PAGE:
One of the things that I’ve found really interesting and unique in my time with Mount Hood is that almost everyone seems to have their own stories and connections with the mountain.
I met a guy on the beach in Clearwater, Florida, last spring who used to make annual skiing trips to Timberline Lodge with his college friends. Another guy, Rocky Henderson, kicked off a long stint of search and rescue missions on Mount Hood in 1986. His first mission ever was the search for a group of Oregon Episcopal School students lost in a storm on the mountain’s south side in 1986.
A sister of an editor I work for used to work up at Timberline Lodge, and she put me in touch with the guy who’s been running Silcox Hut for Timberline since 1993. One woman who read my book contacted me about a brief passage where I mentioned a plaque left on a boulder up near Cooper Spur. The plaque, which reads in part “Walk gently, friend, you are walking in the path of those who went before,” memorializes five Mazama climbers who were killed in a fall while descending Cooper Spur in 1981. One of those climbers was the woman’s husband. She herself helped place the plaque.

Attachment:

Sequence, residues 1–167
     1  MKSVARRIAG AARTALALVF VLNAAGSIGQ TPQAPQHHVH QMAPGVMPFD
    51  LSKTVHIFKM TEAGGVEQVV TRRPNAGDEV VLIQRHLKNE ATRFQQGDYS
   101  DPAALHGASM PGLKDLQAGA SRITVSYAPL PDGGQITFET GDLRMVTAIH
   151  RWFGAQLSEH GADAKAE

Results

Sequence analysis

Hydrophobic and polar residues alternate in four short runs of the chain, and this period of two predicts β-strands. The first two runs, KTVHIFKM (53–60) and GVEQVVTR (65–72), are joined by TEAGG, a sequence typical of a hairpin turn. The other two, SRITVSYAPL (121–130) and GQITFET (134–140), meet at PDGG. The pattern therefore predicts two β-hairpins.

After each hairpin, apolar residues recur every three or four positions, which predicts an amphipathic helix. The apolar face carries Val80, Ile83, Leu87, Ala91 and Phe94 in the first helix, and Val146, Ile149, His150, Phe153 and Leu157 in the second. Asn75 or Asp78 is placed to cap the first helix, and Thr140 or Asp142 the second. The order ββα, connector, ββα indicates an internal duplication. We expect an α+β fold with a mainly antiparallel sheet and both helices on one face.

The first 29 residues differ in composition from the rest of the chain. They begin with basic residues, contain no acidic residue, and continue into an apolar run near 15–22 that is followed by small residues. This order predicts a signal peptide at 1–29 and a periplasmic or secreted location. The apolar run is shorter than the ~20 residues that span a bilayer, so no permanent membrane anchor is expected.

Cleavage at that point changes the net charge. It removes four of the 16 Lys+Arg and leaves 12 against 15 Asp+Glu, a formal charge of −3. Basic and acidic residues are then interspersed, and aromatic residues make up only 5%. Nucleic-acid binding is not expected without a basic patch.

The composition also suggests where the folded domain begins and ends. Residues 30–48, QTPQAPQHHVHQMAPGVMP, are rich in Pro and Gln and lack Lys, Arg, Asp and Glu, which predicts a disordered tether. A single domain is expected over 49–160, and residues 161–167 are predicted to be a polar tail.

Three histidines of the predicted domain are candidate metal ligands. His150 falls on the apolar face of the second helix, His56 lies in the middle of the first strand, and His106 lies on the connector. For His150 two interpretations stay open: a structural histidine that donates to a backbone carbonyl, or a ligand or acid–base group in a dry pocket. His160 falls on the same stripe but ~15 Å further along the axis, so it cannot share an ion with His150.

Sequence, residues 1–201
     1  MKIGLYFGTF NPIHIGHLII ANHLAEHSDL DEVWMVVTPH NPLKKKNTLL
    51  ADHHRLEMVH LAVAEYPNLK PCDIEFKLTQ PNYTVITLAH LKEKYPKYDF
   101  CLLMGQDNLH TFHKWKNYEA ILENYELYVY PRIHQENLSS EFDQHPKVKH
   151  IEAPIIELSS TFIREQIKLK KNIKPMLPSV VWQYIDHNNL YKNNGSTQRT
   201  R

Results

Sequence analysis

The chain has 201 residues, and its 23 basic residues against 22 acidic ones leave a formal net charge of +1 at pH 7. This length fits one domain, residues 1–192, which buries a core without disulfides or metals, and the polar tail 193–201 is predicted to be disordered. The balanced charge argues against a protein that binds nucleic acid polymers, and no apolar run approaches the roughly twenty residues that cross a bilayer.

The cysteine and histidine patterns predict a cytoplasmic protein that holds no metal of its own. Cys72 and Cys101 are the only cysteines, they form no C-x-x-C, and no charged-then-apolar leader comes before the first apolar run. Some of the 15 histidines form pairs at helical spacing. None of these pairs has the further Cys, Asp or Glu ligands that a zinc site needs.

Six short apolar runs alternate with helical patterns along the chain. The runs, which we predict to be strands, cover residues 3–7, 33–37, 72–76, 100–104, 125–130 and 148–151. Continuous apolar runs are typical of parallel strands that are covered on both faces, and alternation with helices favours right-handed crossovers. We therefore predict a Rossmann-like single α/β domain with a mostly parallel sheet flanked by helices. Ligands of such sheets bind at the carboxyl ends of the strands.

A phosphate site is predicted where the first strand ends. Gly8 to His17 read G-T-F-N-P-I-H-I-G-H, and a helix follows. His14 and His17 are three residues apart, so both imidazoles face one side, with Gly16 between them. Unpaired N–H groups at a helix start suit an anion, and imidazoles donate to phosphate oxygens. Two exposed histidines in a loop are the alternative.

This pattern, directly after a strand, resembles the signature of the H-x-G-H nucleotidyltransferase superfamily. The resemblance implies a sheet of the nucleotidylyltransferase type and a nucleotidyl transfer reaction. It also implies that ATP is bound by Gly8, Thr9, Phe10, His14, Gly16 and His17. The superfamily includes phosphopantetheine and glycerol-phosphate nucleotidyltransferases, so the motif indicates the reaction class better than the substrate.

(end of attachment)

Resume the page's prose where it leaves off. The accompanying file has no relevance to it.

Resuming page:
With Mount Hood, the stories go on and on.
Just the other day, a reader from Bremerton, Washington, Tom Blakney, dropped me a note to share some of his Mount Hood recollections. He remembered watching his father and other climbers through a telescope at Timberline Lodge in the 1940s as they made their way toward the summit. His father, an amateur climbing guide on Hood and St. Helens, once found himself on the summit of Hood with a frightened Irishman who refused to walk back along the exposed summit ridge when he saw how steep the north side drop off was. With no other options, Blakney’s father and another guide blindfolded the man and led him, tied between the two guides, across the ridge.
Blakney, who twice climbed the mountain himself, also sent along a couple great old photos of his father on the summit of Mount Hood, back when there was a lookout up top.
Ever since I first started exploring Mount Hood back in 1997, I’ve been fascinated by not only the mountain, but by all of the stories that help make it the spectacular peak it is. That’s part of the reason that I wrote a book about Mount Hood, and it’s a big part of the reason why I’ll keep exploring the mountain and writing about it.
Have your own Mount Hood story to share? I’d love to hear it. Drop me a line.